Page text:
Medicaid’s BIG Organizational Change: January 1, 2013
The State is further distancing itself from Medicaid. The 1915 (b)(c) Medicaid Waiver Program was chosen by the North Carolina Department of Health & Human Services, Division of Medical Assistance as a way to control and more accurately budget for the rising costs of Medicaid funded services. The 1915 (b)(c) Waiver Program was initially implemented at one pilot site in 2005 and evaluated for several years. Two expansion sites were then added in 2012. Full statewide implementation is expected by July 1, 2013.
Starting January 1, 2013, providers in Wake County, along with approximately 33 other counties, will need to register with the Medicaid Managed Care Organizations (“MCO”), not with the Local Management Entities (“LME”). What is an MCO? The State has divided up the counties into 3 sections: eastern, western and central. One MCO will supervise all Medicaid activity within its area. Each fiscal year the State will divvy up the Medicaid funds, give the entire bulk amount to each MCO (called a capitation), then all health care providers will request funding from the MCO. The capitation would be based on a formula that takes into account the historical service costs associated with the different Medicaid eligible groups. When the money is gone, it is gone.
I foresee a number of legal problems with this system. First, if Wake County’s MCO runs out of money, and a severely handicapped child lives in Wake County and is denied Medicaid services, will there be a less-needy child in another MCO district receiving funds over the truly needy child? Shouldn’t the most needy get the Medicaid funds first? Instead of by location? Second, who runs these MCOs? Misappropriation of funds is highly likely with the amount of money involved in Medicaid. Third, once the MCOs are in effect, the health care providers need to apply for authorizations and certifications through the MCOs, not DHHS. I foresee MCOs denying health care providers’ requests based subjective criteria. Fourth, during the time in which the providers must reapply through the MCOs, the providers will not be receiving Medicaid money. Depending on the wait time, small health care providers could easily go defunct. Fifth, the MCOs will be holding the money for both mental health AND developmentally disabled. Again, it will be difficult to choose the needy Medicaid recipient over another. Sixth, there have already been complaints by the families of Medicaid recipients. The complaint stated that the families were not notified that the LMEs had submitted for the registration as an MCO. DHHS has “noted” the complaint.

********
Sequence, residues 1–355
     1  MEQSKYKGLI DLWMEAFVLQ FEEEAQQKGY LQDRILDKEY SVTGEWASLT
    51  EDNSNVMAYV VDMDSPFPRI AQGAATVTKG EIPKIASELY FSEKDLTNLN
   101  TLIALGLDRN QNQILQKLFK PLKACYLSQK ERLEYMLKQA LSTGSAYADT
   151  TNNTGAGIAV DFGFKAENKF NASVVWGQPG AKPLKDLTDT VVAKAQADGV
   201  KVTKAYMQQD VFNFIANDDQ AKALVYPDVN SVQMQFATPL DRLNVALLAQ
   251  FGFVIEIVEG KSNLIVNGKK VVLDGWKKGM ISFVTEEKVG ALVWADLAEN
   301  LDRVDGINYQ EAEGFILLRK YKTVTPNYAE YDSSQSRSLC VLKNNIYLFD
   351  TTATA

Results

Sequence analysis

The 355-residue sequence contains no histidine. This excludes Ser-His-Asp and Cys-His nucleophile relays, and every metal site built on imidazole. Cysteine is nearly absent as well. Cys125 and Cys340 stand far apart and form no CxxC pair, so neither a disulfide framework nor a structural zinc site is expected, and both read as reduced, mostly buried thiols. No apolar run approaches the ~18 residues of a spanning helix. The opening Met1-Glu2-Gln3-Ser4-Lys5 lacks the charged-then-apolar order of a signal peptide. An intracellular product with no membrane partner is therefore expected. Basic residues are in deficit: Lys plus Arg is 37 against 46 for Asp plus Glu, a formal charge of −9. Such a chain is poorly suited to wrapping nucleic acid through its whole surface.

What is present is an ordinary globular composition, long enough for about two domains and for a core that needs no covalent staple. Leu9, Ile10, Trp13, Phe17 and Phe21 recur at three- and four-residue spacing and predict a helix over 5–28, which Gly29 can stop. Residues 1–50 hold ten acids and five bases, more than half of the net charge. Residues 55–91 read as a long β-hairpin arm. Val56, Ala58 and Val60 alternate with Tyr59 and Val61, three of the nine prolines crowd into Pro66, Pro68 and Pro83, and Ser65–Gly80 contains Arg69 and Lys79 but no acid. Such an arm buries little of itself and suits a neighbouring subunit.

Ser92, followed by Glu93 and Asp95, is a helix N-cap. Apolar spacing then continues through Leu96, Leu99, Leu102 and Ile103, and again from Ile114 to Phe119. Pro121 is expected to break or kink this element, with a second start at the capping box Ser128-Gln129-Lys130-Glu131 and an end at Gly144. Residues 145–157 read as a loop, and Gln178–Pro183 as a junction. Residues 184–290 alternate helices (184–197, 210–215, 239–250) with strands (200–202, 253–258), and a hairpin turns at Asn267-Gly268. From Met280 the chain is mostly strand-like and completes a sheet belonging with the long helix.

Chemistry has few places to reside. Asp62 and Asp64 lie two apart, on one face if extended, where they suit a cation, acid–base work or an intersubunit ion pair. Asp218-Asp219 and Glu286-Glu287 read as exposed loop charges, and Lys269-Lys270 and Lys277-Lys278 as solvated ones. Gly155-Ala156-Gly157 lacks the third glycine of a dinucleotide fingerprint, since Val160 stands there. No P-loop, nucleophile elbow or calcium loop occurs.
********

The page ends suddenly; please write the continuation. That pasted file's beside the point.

There have been other complaints about the transition:
Response to the policy change has not been all positive, though. Vicki Smith, Executive Director of Disability Rights NC, stated that there is a “great deal of pressure on DHHS to quickly convert LMEs to Medicaid Waivers so the General Assembly’s cost cutting targets can be met.”
David Cornwell, Executive Director of NC Mental Hope, stated that “between changes OK’d by House Bill 916 and proposed changes in Chapter 122C, it’s not just a wrecking ball that will be slamming into our state’s system, it’s an army of bulldozers and backhoes and mammoth dump trucks lining up to roll over it. And the same legislators that can’t see further than next year’s budget also don’t care if there’s a blueprint for the final product, only that there is a sketch of what the next phase will look like.”
In 2009 NAMI, National Alliance on Mental Illness, gave the state of North Carolina a D for its mental health system stating that a grade of D “does not even begin to convey the chaos that now pervades the state’s mental health care system…NAMI warned three years ago  that the state’s reform initiatives were changing too much, too fast, resulting in an increasingly disorganized environment. This prediction was accurate.”
Posted on November 8, 2012, in MCO, Medicaid, Medicaid Funds and tagged DHHS, government, Health care, Health care provider, Managed care, Medicaid, National Alliance on Mental Illness, North Carolina, politics, United States Department of Health and Human Services. Bookmark the permalink. Leave a comment.